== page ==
The Terrex started off as a private venture between Singapore Technologies Engineering and Timoney Technology, intended for export sales. The prototype Terrex AV81 armoured fighting vehicle that was exhibited for the first time at DSEi 2001. The initial AV-81 design utilised conventional coil springs shock absorbers but later variants have seen the introduction of hydro-pneumatic struts with real-time damping control. An electric-hybrid drive system was also developed.
In mid-2004, one prototype and one pre-production model had been built and was evaluated throughout Asia and Europe, where the vehicle was offered for a number of emerging wheeled armoured vehicle requirements. This was further influenced by the emerging United States' Interim Brigade Combat Team (IBCT) concept, which calls for the need of wheeled armoured fighting vehicles (AFV) as opposed to tracked AFVs.
The Terrex AV-82 was developed in 2005 equipped with a more advanced driveline and hydro-pneumatic suspension system, and a number of changes from the AV81 including a flat underbody instead of a V-shaped hull and revised rear suspension.
The Singapore Armed Forces will acquire at least 135 Terrex ICVs to replace its V-200 armoured vehicles, with all active Infantry and Guards battalions to begin training to operate from the vehicle in February 2010. The Second Battalion, Singapore Infantry Regiment, recently acquired the Terrex as part of its shift into a motorised infantry battalion. The Indonesian Army has plans to purchase 420 units and has also expressed intent to produce the Terrex locally under license. Turkish automaker Otokar has also joined with ST Kinetics to produce the Terrex AV-82 (renamed Yavuz) for the Turkish Armed Forces.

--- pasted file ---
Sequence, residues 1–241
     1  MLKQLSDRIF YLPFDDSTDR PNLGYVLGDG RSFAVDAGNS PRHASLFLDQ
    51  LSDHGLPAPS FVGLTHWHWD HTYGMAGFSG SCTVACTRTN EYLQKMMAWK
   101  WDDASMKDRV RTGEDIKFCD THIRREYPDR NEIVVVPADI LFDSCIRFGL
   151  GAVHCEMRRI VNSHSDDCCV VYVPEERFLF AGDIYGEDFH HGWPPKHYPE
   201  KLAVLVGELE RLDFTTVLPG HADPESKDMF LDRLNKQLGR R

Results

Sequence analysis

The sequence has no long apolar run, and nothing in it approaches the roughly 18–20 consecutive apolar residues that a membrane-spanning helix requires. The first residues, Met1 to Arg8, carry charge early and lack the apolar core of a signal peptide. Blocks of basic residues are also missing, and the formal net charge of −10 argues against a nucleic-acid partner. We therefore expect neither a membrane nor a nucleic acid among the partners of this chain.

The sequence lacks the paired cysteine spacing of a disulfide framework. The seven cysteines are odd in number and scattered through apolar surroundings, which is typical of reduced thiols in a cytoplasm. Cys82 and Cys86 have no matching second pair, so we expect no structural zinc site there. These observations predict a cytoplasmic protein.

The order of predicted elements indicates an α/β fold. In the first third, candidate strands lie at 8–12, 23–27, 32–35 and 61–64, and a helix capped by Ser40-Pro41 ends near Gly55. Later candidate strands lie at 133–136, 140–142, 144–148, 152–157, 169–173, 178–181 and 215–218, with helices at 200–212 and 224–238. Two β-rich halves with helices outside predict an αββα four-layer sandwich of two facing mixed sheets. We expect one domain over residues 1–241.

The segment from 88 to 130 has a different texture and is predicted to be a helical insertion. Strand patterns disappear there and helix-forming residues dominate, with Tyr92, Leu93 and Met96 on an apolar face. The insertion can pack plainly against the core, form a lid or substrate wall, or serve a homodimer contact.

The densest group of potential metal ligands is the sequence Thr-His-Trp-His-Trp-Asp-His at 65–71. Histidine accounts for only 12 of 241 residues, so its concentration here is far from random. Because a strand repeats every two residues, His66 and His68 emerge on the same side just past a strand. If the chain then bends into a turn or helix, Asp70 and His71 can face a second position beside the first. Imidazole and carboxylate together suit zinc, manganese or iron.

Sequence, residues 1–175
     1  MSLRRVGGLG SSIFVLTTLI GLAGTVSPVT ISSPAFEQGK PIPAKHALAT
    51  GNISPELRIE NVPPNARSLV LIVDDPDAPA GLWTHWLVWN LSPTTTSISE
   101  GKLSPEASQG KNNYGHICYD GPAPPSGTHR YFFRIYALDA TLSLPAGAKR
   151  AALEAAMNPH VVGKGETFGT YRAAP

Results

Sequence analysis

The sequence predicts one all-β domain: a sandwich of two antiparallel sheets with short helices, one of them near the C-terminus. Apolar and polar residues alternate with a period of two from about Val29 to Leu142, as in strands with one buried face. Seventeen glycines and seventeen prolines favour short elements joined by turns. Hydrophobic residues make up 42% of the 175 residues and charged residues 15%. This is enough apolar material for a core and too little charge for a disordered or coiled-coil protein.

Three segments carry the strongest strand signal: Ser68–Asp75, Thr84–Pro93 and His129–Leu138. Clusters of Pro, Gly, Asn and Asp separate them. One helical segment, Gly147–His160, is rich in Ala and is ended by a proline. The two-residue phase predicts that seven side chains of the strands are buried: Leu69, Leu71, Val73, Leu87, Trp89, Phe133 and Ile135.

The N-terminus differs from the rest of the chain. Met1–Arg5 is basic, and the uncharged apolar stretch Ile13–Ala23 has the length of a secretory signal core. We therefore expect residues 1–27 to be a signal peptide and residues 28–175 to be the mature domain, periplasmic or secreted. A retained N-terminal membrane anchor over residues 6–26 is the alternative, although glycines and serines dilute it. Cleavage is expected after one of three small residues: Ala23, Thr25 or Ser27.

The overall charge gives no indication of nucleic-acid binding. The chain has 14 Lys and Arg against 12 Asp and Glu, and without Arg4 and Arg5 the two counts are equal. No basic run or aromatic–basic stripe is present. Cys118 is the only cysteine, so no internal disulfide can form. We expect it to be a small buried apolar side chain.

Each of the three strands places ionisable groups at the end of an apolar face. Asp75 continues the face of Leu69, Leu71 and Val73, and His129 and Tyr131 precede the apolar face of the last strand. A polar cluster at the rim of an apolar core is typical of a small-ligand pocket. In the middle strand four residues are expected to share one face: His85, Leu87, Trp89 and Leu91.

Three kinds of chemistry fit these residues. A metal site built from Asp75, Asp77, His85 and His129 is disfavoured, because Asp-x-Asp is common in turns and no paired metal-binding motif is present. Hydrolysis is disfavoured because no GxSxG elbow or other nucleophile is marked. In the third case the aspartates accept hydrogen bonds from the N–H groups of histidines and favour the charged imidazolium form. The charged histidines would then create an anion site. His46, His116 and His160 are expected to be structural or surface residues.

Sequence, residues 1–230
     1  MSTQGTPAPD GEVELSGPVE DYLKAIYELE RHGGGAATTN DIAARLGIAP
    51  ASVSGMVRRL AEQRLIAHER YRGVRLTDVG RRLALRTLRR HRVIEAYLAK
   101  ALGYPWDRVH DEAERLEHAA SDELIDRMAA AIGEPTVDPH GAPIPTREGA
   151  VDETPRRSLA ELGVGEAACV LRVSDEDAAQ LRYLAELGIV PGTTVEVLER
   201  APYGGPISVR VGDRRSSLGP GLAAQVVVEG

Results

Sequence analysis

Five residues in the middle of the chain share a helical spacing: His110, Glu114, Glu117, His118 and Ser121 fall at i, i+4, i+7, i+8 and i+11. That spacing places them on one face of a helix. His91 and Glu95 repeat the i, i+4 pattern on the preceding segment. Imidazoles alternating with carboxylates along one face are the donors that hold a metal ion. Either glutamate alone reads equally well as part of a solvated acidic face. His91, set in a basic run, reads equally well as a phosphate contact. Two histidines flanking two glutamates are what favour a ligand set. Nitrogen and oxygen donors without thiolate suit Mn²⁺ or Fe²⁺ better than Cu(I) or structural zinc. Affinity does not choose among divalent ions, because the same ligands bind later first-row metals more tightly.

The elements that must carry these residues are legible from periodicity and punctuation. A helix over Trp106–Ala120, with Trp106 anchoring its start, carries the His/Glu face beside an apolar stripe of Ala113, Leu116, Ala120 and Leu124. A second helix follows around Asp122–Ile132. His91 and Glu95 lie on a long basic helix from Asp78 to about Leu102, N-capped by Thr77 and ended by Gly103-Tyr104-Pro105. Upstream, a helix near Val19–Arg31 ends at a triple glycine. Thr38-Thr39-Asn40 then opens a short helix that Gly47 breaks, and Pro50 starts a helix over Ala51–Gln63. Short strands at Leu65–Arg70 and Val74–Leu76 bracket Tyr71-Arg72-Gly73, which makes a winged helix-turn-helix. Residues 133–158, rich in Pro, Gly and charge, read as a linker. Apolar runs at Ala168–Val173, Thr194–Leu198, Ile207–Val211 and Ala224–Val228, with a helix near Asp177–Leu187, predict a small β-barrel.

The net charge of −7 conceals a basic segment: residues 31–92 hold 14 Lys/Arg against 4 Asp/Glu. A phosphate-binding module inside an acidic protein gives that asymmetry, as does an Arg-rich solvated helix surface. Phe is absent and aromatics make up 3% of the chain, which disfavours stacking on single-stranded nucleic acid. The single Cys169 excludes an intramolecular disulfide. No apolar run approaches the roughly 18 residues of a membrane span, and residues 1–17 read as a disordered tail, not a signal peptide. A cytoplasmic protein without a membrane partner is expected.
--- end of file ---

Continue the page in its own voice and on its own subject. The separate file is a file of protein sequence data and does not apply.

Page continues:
In August 2012, the U.S. Marine Corps awarded SAIC a developmental contract for the Terrex for the Marine Personnel Carrier program.
On 18 July 2013, SAIC, along with ST Kinetics and Armatec Survivability Corporation, successfully completed two weeks of evaluations for the Terrex at Camp Pendleton. The tests included a series of water performance demonstrations in various sea conditions and an evaluation of human factors and stowage capacity. The Terrex completed all required surf transit and ocean swim maneuverability tests at its fully loaded combat weight. It demonstrated load capabilities through successful stowage of gear and supplies that Marines would require for three days of operations, with space available for additional equipment. The human factors evaluation demonstrated the spacious interior by accommodating the specified number of combat-equipped Marines and enabling rapid tactical and emergency egress through a quick-release hatch. The Terrex repeated ocean swim and maneuverability results achieved in a March 2013 rehearsal event. SAIC began ballistic and blast tests at the Nevada Automotive Test Center in May 2013, and was scheduled to complete all ballistic and mine blast demonstrations in July. The Marines are to deliver a final report in September 2013.
The Marine Personnel Carrier was put on hold in June 2013, restarted in February 2014, and then restructured as Phase 1 of the Amphibious Combat Vehicle (ACV) program, which includes the previous MPC competitor entries.